The literature that was sent to me indicates that I’m of Jewish descent.

    Am I understanding this correctly?

  6. I have much in common with Sarah. I took part in the National Geographic genographic project, and my maternal line also went through N1 to W – making my maternal line from one of the 4 Ashkenazi jew founders, and I am also from a sect of Shia Muslims (Ismaili) who are similar/related to the Druze in Lebanon and other parts of the Middle East. “Jewish” descent has a couple of different meanings because, unlike most other religions, “Jewish” refers to both an ethnic group and a religion. One can be genetically related to the ethnic group that is defined as “Jewish” and not be a follower of Judaism – and vice versa.

  7. Thanks for this great post Im pretty sure that many people are searching informative post like yours .

  8. Ms. Billie M. Spaight

    Sarah, Penelope, Avicenna (are you named after the Greek physician?) and Laura–welcome to the tribe as all my Jewish friends say to me when I tell them my story.

    Fiona and Dror, nice to hear some additional perspectives on the “Jewishness” or “non-Jewishness of people who have found a relationship to the Ashkenazi Jews.

    Have any of you read any of the books about crypto-Jews? Most are written about Sephardic Jews who fled or hid from the Crusades and the Inquisition. Interestingly enough, while the genetic studies have been done on we Ashkenazim, a lot of the sociologic studies have been done on the Sephardim.

    I would like to gather a group of stories of people who were unaware of their Ashkenazic Jewish background and found out about it through the National Genographic Project or some other genetic study. I think this would make a fascinating book about who we are and what our reactions were to the discovery of this deep ancestry.

    I’ll bookmark this site and if any of you are interested let me know. I’ll come back and check. Maybe the moderator of this site can tell us how to exchange e-mail addresses privately so we can get our stories together without making our e-mail addresses public.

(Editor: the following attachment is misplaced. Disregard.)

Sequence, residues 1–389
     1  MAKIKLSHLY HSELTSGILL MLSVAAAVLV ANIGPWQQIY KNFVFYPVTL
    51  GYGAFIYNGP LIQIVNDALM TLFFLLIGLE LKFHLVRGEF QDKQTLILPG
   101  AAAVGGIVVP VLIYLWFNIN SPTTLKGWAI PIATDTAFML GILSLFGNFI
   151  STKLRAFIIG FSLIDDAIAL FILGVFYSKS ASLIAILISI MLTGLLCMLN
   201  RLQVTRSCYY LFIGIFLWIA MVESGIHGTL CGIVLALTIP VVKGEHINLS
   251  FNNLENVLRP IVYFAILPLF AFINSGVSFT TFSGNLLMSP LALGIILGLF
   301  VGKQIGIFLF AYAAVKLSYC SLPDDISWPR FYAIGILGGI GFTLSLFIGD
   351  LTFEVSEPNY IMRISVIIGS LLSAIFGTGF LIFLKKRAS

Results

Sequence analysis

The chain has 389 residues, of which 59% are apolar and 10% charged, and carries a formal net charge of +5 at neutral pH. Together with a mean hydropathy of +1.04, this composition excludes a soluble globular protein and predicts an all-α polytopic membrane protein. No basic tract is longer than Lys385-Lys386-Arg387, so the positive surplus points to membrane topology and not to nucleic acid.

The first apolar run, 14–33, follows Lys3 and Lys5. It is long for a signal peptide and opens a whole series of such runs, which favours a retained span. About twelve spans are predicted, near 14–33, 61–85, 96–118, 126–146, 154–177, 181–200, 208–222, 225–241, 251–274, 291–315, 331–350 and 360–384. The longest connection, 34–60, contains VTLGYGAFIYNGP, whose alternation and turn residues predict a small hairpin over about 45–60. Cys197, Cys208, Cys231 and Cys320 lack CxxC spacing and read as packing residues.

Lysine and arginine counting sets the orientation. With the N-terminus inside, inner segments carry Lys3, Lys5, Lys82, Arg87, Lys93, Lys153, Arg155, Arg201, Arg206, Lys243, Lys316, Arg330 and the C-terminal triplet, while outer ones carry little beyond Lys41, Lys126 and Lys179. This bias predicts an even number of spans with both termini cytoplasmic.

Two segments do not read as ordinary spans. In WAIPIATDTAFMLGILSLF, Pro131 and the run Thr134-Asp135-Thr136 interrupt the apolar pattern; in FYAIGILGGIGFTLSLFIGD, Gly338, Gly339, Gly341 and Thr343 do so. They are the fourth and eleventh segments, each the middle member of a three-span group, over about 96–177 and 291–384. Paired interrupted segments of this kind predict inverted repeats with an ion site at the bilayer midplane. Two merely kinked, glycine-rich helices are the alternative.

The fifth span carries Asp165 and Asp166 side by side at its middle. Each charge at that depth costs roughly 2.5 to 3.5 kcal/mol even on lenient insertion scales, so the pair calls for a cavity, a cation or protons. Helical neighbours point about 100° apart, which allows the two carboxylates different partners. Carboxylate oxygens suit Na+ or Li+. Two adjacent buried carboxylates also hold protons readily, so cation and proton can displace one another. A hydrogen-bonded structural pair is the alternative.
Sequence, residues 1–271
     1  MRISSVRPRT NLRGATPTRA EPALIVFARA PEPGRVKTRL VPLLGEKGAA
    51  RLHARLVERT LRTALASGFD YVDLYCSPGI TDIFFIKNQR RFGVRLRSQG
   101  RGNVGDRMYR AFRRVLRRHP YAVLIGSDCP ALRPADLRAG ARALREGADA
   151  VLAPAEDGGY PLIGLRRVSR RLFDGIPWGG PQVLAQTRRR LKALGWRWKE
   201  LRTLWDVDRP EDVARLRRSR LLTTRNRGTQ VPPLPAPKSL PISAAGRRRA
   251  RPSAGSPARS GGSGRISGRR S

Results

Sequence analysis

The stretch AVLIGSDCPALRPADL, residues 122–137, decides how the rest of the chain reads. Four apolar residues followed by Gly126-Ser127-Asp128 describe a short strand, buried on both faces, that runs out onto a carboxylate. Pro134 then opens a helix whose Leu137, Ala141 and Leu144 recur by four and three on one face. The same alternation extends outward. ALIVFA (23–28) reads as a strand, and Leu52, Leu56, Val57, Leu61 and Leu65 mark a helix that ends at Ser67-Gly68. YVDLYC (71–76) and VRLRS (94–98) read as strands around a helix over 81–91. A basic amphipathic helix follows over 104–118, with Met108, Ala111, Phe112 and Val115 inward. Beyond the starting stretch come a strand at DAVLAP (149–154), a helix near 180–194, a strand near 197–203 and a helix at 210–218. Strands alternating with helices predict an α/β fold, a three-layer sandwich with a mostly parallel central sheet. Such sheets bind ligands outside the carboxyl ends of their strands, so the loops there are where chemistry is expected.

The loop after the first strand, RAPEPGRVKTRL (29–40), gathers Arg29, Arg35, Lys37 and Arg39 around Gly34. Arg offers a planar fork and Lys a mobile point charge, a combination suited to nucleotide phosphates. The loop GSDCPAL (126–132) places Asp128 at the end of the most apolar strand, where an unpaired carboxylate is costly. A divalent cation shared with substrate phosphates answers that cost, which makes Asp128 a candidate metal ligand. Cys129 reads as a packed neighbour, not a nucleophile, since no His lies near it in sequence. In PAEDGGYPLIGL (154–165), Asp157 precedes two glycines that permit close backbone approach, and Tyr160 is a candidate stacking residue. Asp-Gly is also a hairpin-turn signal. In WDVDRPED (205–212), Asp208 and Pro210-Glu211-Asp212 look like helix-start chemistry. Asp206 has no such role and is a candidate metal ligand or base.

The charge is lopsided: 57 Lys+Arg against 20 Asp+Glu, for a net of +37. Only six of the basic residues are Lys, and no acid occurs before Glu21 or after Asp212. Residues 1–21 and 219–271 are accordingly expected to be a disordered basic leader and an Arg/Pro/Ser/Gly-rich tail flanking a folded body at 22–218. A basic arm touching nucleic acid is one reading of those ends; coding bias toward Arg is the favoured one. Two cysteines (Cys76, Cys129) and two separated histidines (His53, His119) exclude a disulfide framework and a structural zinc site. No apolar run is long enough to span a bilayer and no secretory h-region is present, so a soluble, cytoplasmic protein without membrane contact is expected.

MODERATOR–can we do this if we wish to correspond?

  9. Ms. Billie M. Spaight

    All Ws–this is WEIRD! Here all of us were scratching our heads thinking we had Askenazi Jewish genetic roots and NOW there is new information on our W group. It seems there was some change in how they are classifying the Ws. We no longer have the N1 classification anymore. Now we have roots in Egypt, Turkey, the Middle East, Pakistan, India, Central Asia, or Siberia. Go back and check your results. The section on the N1 group was pulled out and replaced with a general N group, leading to W.

    It seems someone unearthed more information and wrote to the Genographic Project and the Project incorporated this into their information on us.

    Now I’m scratching MY head wondering about all those weird Jewish customs in my Catholic family. Now it looks like we are more Arabic early on and then ended up in Siberia.

    So, for the Muslim gals on here, perhaps this may be less confusing. But for me, I’m totally mixed up. I still FEEL Jewish and always have….

    I guess it’s back to the old reincarnation/Righteous Gentile identity for me.

    So, I’m not sure if we belong on here with regard to the Ashkenazi founder event anymore if we are Ws.

    If anybody here is an N1b, however, those folks still belong.

    Shalom anyway.

    Billie

  10. So interesting to hear all your stories about finding the N1 group in your results.

    My maternal line, as I’ve always known it, is totally Polish and until I was born, pretty firmly Catholic. I’d never really ruled out the possibility of potentially Jewish ancestry given that the region had been home to a significant Jewish population for hundreds of years but I definitely not expecting to find it engrained in me genetically.

    So interesting that most of you come from W. I’m in group I and when I click on it and run my cursor back over the map it’s labeled both I and W. And I’m not having really any luck finding out the difference between them except that perhaps I went west and W went east.

    However my map still maintains the N1 designation, intriguing description and all.

    And with regards to any concern about genetic diseases associated with N1, my mother just returned from a nursing conference where she attending a genomics seminar. She mentioned that we had found the Ashkenazic gene in our test and the instructor said that if we didn’t know we had the designation, then it’s probably so diluted its effects are likely negligible.

  11. Hello,
    I’ve been assigned haplogroup N1c by 23andme. N1c is a subclade of N1. I’ve been trying to learn more about this group, but it’s difficult finding information. The ancestors on my mother’s side are all from German cities along the Rhine River. Is N1c considered Ashkenazi? Interestingly, although we do not identify with the Jewish religion, all of of were given Hebrew names.